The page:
Can visual object representations in the human brain be modelled by untrained convolutional neural networks with random weights?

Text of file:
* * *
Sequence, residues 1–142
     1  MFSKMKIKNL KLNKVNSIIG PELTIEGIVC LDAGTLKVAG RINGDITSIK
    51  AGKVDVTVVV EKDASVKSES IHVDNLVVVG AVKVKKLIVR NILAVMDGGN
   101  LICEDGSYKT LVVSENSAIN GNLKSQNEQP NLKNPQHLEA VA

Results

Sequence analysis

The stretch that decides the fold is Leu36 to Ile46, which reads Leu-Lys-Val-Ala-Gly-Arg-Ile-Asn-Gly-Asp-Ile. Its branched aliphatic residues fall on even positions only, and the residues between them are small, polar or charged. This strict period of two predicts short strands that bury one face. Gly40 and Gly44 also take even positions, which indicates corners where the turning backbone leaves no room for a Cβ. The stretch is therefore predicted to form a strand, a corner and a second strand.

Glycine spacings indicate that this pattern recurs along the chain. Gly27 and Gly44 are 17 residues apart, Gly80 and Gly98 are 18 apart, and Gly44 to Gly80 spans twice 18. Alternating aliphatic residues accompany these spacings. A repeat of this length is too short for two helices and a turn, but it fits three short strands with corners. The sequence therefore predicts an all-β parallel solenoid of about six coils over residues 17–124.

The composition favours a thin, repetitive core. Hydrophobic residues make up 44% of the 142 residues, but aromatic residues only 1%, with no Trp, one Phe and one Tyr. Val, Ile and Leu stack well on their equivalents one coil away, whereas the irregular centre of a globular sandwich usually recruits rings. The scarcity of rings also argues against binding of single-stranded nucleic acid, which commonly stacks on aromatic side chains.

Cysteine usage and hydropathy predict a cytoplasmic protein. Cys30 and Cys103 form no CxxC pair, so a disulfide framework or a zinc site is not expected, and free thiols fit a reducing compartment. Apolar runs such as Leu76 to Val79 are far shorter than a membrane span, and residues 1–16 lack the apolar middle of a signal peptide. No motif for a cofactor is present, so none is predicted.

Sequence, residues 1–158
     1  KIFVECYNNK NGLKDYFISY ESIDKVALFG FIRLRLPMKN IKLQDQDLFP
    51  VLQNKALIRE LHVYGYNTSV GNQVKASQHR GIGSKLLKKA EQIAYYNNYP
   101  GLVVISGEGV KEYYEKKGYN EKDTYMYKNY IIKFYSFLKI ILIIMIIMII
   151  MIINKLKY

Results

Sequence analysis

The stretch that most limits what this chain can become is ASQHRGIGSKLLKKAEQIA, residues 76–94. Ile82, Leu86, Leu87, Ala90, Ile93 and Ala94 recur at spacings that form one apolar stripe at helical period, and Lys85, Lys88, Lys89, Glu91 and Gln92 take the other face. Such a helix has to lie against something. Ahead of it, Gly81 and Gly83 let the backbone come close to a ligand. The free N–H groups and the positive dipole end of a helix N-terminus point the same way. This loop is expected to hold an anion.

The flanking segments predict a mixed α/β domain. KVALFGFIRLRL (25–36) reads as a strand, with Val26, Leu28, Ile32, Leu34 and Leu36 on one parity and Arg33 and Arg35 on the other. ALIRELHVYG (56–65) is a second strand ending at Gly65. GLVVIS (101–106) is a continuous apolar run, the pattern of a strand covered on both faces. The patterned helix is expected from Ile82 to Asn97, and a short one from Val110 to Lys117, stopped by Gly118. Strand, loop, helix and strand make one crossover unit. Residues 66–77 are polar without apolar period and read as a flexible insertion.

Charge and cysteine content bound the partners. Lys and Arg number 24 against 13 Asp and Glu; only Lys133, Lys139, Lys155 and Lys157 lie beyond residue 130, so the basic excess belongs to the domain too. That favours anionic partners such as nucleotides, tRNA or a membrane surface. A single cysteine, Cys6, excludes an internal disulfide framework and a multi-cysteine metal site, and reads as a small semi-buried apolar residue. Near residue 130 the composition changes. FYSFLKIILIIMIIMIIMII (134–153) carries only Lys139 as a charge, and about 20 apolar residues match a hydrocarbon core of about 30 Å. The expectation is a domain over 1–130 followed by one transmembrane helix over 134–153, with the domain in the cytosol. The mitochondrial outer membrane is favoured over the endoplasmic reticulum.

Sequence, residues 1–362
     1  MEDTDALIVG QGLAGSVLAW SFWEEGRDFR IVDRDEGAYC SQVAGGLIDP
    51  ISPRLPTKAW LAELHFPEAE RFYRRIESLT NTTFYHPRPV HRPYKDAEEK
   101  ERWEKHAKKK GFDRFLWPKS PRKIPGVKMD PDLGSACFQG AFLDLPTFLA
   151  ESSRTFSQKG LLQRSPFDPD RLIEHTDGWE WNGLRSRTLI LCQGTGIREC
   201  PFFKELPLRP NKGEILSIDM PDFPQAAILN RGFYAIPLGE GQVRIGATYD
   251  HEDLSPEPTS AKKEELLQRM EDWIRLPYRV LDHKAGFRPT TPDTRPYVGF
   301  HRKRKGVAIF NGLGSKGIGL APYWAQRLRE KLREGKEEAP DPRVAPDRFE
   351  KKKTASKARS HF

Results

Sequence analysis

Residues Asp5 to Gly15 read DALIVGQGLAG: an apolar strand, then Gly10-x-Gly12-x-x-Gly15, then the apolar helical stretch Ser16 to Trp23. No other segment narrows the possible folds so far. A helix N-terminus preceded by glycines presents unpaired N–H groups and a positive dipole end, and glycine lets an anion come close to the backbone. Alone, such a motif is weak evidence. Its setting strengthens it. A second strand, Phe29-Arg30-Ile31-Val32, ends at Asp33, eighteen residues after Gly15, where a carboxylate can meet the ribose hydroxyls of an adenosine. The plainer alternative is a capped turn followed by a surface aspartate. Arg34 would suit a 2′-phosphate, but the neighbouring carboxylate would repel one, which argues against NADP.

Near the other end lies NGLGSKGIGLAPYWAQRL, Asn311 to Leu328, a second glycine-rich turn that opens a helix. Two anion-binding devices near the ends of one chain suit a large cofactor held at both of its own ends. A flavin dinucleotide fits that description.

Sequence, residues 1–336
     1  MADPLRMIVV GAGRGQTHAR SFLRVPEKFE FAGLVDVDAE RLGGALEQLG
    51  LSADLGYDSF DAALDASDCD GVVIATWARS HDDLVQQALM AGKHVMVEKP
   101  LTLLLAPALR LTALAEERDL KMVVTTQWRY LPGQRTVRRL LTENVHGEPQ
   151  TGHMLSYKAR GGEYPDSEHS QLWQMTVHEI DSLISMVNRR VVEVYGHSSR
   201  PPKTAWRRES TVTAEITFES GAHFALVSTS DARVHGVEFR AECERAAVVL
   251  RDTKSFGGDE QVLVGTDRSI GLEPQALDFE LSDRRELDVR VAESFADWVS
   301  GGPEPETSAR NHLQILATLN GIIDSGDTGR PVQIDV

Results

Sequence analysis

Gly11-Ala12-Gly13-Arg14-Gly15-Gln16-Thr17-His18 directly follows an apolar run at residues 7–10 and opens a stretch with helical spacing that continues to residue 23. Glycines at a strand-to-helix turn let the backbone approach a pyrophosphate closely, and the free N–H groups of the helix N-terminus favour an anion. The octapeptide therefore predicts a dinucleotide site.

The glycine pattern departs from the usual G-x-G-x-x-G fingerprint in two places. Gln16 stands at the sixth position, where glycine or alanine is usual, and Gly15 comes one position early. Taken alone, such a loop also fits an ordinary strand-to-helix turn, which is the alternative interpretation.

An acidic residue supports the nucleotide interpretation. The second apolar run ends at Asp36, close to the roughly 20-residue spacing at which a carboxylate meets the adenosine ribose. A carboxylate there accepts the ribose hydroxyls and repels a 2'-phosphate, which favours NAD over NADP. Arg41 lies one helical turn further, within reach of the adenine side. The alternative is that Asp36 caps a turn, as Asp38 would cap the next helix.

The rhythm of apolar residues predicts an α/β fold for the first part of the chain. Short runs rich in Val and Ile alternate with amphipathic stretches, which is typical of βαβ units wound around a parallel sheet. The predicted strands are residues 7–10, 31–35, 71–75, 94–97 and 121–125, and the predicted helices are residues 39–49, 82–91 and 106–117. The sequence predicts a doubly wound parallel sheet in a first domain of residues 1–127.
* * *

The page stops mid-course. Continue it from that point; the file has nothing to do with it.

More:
AbstractConvolutional neural networks (CNNs) have proven effective as models of visual semantic responses in the inferior temporal cortex (IT). The belief has been that training a network for visual recognition leads it to represent visual features in a way similar to those the brain has learned. However, a CNN’s response is affected by its architecture and not just its training. We therefore explicitly measured the effect of training different CNN architectures on their representational similarity with IT. We evaluated two versions of AlexNet and two training regimes, supervised and unsupervised. Surprisingly, we found that the representations in an untrained (random-weight) variant of AlexNet, reflected brain representations in IT better than the benchmark supervised AlexNet and also better than the corresponding network trained in either a supervised or unsupervised manner. These results require a re-evaluation of the explanation of why CNNs act as an effective model of visual representations.

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